New Delhi: Air Chief Marshal Rakesh Kumar Singh Bhadauria, who played a key role in the negotiations with France to secure a deal of 36 Rafale fighter aircraft, took over as the new air chief on Monday with an assertion that India is ready for any kind of threat.
Bhadauria, who succeeds Birender Singh Dhanoa, took over at a time when Pakistan has escalated war hysteria, with its Prime Minister Imran Khan even threatening a nuclear war.
The 26th chief of the Indian Air Force (IAF) has over 4,250 hours of flying experience with 26 different fighter and transport aircraft. He was also extensively involved in the flights of the Light Combat Aircraft Tejas’ initial prototypes.
In recent times, Bhadauria was the key negotiator in the deal for 36 Rafale fighters which India is acquiring from Dassault company of France.
As a special recognition of his role in clinching the deal, his initials RB-01 have been inscribed on the tailfin of the first fighter Rafale jet which will be ceremonially received by India on August 8 in France. Defence Minister Rajnath Singh is scheduled to fly to France to receive the aircraft.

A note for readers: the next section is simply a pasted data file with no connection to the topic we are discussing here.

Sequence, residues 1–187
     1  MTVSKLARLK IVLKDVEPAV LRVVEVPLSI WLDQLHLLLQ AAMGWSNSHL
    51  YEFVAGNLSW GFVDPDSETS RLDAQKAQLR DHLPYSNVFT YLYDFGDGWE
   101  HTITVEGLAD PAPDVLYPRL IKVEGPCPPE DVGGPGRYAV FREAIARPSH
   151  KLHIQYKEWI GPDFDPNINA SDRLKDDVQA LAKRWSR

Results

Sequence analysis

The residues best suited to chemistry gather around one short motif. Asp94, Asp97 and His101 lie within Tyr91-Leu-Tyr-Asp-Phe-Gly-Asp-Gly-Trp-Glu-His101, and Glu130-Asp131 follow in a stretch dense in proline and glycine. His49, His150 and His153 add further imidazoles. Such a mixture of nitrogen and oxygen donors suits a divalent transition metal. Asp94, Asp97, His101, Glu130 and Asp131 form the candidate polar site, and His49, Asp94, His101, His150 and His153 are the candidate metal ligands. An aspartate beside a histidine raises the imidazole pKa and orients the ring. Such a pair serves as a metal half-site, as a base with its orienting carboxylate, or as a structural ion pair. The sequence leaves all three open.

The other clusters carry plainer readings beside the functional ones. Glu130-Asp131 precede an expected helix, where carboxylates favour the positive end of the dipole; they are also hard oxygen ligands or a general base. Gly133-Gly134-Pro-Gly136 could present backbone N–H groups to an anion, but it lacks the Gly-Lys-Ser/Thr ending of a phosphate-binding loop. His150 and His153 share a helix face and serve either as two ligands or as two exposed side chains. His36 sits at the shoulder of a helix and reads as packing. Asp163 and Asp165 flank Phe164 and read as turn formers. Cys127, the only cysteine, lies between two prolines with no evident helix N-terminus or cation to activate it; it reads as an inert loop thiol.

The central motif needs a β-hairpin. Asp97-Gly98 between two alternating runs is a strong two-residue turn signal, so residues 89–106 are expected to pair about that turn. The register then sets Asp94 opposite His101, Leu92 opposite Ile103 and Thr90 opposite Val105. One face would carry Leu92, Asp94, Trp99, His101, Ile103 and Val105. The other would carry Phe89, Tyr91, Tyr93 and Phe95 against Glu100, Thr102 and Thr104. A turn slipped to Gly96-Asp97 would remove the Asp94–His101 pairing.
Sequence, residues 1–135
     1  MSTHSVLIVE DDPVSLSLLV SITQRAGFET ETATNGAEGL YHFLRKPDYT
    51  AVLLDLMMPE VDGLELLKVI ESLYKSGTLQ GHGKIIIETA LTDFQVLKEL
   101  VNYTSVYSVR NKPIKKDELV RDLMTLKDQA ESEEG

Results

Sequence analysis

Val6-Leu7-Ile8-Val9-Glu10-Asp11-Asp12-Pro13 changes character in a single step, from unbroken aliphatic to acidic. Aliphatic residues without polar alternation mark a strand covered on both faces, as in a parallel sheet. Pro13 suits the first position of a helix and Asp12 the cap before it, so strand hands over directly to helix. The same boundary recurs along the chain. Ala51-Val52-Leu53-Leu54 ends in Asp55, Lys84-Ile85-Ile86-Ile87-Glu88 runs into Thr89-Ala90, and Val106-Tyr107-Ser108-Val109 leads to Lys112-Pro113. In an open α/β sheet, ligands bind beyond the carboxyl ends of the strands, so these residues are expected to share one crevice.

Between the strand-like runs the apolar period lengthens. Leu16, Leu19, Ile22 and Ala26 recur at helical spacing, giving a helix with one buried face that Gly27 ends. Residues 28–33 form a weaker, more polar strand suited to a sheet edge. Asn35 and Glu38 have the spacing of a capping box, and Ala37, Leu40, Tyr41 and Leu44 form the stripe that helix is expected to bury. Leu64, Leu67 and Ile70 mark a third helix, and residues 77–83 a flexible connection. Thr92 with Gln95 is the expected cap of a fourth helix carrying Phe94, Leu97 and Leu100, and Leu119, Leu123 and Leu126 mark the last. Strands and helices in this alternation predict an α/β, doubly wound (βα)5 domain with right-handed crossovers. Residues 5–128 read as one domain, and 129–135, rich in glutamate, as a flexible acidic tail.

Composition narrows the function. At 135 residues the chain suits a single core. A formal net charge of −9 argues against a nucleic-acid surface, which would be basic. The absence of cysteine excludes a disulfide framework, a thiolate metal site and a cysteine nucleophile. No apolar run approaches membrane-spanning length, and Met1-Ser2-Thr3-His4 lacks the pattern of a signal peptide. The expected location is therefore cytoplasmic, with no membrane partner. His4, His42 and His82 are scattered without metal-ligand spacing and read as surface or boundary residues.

Soon after taking over from Dhanoa who retired on Monday, Bhadauria said the induction of the Rafale fighter would be a game-changer for India as it would give a big boost to the IAF’s capability.
He said efforts would be made to make the new fighter plane operational at the earliest.
An alumnus of the National Defence Academy where he won the coveted ‘Sword of Honour’ for standing first in the overall order of merit, Bhadauria was commissioned into the IAF’s fighter stream in June 1980.
He has to fill the shoes of his predecessor Dhanoa, who is credited with successfully planning and executing the air strikes on the Jaish-e-Mohammad terror camp in Balakot, deep inside Pakistan, on February 26 in retaliation to the Pulwama terror attack carried out by the Pakistan-based outfit.
Talking to a channel amidst threats by Pakistan, Bhadauria said the IAF is ever prepared to undertake a strike of the nature of Balakot.
“We were prepared at that point of time. We are ever more prepared now. We are fully capable of meeting any challenge, any requirement and any mission,” he said.